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China: Foreign Investment Law Passed

(May 30, 2019) On March 15, 2019, China’s National People’s Congress (NPC) passed the Foreign Investment Law of the People’s Republic of China (PRC or China). Effective on January 1, 2020, the Law will replace the three primary laws regulating foreign-invested enterprises (FIEs) in China: the Law on Sino-Foreign Equity Joint Ventures, the Law on Wholly Foreign-Owned Enterprises, and the Law on Sino-Foreign Cooperative Joint Ventures (collectively the “Three FIE Laws”). (PRC Foreign Investment Law (adopted by the NPC on Mar. 15, 2019, effective Jan. 1, 2020), NPC website (in Chinese), English translation, Invest in China website; Ulrike Glueck & Angela Chen, Introduction to the Foreign Investment Law, LEXOLOGY (Mar. 19, 2019).)

The new Foreign Investment Law contains 42 articles under the following six chapters: general provisions, investment promotion, investment protection, investment management, legal liability, and supplementary provisions. (Id.) “Foreign investment” under the Law refers to investment activities directly or indirectly conducted by a foreign natural person, enterprise, or other organization (“foreign investor”). An FIE is “an enterprise that is incorporated under the Chinese laws within the territory of China and is wholly or partly invested by a foreign investor.” (Id. art. 2.)

The highlights of the Law are as follows:

  1. Replacement of the Three FIE Laws

The Three FIE Laws were first passed in the late 1970s and 1980s, when the PRC started the “open door policy” to allow foreign businesses to enter the country. (NPC, Explanation on the PRC Foreign Investment Law (Draft) (Mar. 8, 2019), NPC website (in Chinese).) When the Foreign Investment Law takes effect next year, the Three FIE Laws will be abolished at the same time. The organization forms, institutional frameworks, and standards of conduct of the FIEs will be subject to the provisions of the PRC Company Law, the PRC Partnership Law, and other relevant laws. (Foreign Investment Law art. 31.) Existing FIEs incorporated under the Three FIE Laws will have a grace period of five years, during which they may retain their original organizational form. (Id. art. 42.)

  1. Market Access of Foreign Investment

According to the Law, China implements a “pre-establishment national treatment” plus “negative list management” system for foreign investment. “Pre-establishment national treatment” refers to the treatment given to foreign investors and their investments in respect of market access, which cannot be less favorable than that given to their domestic investors and their investments. The “negative list” refers to the special administrative measures for the access of foreign investment in specific fields, which will be issued or approved for issue by the State Council. The Law provides that the state will give national treatment to foreign investment that falls out of the negative list. (Id. art. 4.)

The negative list system for market access of foreign investment was implemented before the Law was passed. The 2017 version of the Catalog for the Guidance of Foreign Investment Industries introduced a nationwide negative list system, which cut 30 “special administrative measures” that prohibited or restricted foreign investment—from 93 in the 2015 version of the Catalog to 63 in the 2017 version. (Laney Zhang, China: Catalog of Foreign Investment Industries Updated, GLOBAL LEGAL MONITOR (Aug. 7, 2017).) The currently effective 2018 list contains 48 special administrative measures. (National Development and Reform Commission (NDRC) & Ministry of Commerce, Special Management Measures for the Market Entry of Foreign Investment (Negative List) (2018 Version) (June 28, 2018, effective July 28, 2018), NDRC website (in Chinese).)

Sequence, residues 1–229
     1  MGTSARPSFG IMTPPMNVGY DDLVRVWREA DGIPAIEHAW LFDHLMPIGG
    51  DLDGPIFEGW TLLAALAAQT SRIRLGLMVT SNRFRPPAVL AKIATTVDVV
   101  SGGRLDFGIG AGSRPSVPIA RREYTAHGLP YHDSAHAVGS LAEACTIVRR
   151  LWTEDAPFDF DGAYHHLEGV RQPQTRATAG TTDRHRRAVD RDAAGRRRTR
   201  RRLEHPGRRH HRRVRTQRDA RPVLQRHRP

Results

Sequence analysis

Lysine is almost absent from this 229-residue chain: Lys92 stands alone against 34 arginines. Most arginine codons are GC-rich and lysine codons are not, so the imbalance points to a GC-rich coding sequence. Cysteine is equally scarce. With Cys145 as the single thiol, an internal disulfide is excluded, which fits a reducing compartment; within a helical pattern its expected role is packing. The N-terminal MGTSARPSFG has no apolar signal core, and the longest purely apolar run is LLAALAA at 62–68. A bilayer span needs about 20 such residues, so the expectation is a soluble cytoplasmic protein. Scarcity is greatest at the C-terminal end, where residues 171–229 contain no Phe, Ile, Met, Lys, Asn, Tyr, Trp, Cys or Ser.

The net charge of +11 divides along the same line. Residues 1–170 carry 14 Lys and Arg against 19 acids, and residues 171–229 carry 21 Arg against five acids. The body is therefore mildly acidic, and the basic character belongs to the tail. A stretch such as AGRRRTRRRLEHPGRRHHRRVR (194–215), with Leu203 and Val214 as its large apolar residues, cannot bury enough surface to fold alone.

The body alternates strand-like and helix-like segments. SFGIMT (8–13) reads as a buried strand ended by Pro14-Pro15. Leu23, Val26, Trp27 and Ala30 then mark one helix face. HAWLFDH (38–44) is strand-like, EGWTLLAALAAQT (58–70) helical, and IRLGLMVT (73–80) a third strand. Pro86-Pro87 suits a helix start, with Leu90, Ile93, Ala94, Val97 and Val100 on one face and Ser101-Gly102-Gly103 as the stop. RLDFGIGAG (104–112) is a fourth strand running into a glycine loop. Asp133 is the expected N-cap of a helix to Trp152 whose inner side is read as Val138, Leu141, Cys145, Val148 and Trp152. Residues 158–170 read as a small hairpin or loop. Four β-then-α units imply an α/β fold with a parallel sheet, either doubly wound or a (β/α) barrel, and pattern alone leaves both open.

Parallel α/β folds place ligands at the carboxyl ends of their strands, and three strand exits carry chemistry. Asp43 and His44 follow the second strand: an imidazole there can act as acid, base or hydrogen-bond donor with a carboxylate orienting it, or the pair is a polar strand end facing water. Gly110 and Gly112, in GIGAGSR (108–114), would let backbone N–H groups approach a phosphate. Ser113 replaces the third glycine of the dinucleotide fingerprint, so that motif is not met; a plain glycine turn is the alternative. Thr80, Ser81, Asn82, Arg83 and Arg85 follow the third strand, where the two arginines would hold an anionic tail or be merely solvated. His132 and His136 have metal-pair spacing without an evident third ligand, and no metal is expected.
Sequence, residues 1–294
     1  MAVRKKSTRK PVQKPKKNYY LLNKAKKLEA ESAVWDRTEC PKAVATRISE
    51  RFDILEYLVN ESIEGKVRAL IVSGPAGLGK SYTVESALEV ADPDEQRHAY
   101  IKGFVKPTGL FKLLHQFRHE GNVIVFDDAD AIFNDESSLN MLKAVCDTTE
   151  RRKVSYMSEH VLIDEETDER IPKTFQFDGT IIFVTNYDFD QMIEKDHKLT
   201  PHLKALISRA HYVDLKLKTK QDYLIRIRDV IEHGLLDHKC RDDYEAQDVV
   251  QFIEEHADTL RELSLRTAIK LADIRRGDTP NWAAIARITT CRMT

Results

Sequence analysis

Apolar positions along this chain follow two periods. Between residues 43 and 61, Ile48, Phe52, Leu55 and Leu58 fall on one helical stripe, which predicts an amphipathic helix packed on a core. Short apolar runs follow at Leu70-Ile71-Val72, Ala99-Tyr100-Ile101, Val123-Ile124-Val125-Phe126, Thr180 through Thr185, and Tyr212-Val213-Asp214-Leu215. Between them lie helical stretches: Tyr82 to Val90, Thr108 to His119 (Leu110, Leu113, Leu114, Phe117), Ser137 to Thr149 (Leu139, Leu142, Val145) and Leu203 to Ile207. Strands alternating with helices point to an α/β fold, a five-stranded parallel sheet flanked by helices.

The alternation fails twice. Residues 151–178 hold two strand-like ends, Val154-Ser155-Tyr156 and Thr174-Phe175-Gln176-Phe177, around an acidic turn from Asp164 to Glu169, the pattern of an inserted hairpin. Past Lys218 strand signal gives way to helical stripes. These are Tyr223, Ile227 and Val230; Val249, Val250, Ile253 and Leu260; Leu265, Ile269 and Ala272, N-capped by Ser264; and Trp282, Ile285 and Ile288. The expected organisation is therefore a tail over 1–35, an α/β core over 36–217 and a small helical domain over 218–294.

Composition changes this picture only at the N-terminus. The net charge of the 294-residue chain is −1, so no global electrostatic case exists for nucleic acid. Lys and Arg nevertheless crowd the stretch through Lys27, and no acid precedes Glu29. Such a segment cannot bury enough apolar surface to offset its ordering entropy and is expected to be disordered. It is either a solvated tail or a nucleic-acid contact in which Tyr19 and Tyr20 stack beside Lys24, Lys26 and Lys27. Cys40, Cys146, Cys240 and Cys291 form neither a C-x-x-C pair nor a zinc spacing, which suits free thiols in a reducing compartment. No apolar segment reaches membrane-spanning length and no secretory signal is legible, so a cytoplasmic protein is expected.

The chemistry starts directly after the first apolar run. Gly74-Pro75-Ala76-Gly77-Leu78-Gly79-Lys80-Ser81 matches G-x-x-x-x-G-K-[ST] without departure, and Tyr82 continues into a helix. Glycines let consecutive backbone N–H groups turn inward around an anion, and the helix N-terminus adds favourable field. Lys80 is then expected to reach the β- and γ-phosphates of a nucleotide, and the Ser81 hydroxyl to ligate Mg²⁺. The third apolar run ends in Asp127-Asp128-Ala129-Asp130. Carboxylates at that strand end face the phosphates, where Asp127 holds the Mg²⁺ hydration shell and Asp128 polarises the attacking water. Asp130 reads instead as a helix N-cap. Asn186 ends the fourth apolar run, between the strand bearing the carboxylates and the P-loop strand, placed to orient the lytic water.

1. Protection of Foreign Investment

The Foreign Investment Law affirms promotion and protection of foreign investment concerning investment safety and further market liberalization, and emphasizes the protection of intellectual property. (Glueck & Chen, supra.) The Law specifically prohibits the government and government officials from forcing transfer of technology, while technology cooperation on the basis of free will and business rules is encouraged by the state:

Article 22 The State shall protect the intellectual property rights of foreign investors and foreign-funded enterprises, and protect the legitimate rights and interests of holders of intellectual property rights and relevant right holders; in case of any infringement of intellectual property right, legal liability shall be investigated strictly . . . in accordance with the law.

During the process of foreign investment, the State shall encourage technology cooperation on the basis of free will and business rules. Conditions for technology cooperation shall be determined by all investment parties upon negotiation under the principle of equity. No administrative department or its staff member shall force any transfer of technology by administrative means.

The Law further provides that the government and government officials must keep confidential any trade secret of foreign investors or FIEs they become aware of during the performance of their duties, and are prohibited from divulging or illegally providing such secrets to others. (Id. art. 23.)

Lawyers practicing in China have commented that, although nearly all stipulations of the new Foreign Investment Law are an improvement compared to the existing Three FIE Laws, the provisions of the new Law are relatively general and vague. Implementation rules and other ancillary regulations are expected to be formulated subsequently, which will provide the decisive details and show whether the Law will indeed bring major improvements to foreign investors in China. (Glueck & Chen, supra.)